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FDA keeps warning about suicide on Chantix
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WASHINGTON (AP) — The Food and Drug Administration is keeping a bold-letter warning on Pfizer’s anti-smoking drug Chantix about suicidal behavior and other psychiatric side effects, after reviewing company findings suggesting the drug does not increase those problems.

The twice-a-day tablet has carried the FDA’s strongest warning label since 2009, following reports of suicidal tendencies and violent or bizarre behavior among some patients.

The FDA on Monday outlined several updates to Chantix’s labeling, including a new warning about its potential interaction with alcohol. Some patients have reported unusual or aggressive behavior when drinking while on Chantix.

The updated labeling also includes information from several studies and analyses conducted by Pfizer that found no difference in psychiatric problems between people taking Chantix and other stop-smoking treatments. But the FDA said Pfizer’s research did not examine all types of psychiatric problems and had limitations preventing regulators “from drawing reliable conclusions.”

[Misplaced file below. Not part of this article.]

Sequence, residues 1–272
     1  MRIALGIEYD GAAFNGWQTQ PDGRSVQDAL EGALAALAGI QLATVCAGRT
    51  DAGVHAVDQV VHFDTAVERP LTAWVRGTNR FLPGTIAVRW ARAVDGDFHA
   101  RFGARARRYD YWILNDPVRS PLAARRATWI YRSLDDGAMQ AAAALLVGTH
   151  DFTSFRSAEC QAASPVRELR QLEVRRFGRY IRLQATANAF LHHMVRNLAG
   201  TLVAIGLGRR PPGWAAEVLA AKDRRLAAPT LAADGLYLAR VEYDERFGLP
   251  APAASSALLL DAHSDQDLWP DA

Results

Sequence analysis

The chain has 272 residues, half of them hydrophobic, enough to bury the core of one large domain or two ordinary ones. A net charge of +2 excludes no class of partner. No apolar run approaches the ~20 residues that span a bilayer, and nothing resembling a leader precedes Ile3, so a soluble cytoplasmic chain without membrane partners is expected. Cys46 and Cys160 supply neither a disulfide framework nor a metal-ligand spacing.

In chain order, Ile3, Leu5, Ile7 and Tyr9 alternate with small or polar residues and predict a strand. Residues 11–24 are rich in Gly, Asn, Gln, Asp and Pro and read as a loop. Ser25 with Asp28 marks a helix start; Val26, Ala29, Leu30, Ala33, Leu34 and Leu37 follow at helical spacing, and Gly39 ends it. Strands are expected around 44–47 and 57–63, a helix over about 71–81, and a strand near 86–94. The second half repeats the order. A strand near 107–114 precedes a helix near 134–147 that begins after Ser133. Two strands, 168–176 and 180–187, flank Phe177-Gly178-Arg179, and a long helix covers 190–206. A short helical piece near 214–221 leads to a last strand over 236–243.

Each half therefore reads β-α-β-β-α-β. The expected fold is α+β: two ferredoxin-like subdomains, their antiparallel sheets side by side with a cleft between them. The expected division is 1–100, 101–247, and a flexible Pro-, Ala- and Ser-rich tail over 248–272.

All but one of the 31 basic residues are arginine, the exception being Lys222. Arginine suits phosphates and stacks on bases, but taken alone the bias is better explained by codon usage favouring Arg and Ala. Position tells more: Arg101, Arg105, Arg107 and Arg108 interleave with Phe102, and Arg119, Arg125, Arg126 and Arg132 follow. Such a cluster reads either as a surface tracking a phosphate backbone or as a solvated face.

Last year Pfizer proposed that the FDA remove Chantix’s so-called black box warning based on the company’s findings and other data.

The agency’s update follows the recommendation of a panel of outside experts, who voted last October to keep the boxed warning on the drug until it can be reevaluated based on new information. New York-based Pfizer is expected to complete a larger study of Chantix’s psychiatric side effects in late 2015.

Chantix’s safety has been debated in medical journals and courtrooms since 2007, when reports of suicide, agitation and other problems first began streaming into the FDA.

The drug’s labeling currently tells patients to stop taking Chantix immediately if they experience agitation, depressed mood, suicidal thinking and other behavioral changes. Doctors are advised to weigh the drug’s risks against its potential benefits of helping patients quit smoking.

Pfizer’s drug works by binding to the same spots in the brain that are activated by nicotine when people smoke. The drug, known generically as varenicline, blocks nicotine from binding to those spots and prevents the release of “feel-good” brain chemicals that make smoking so addictive.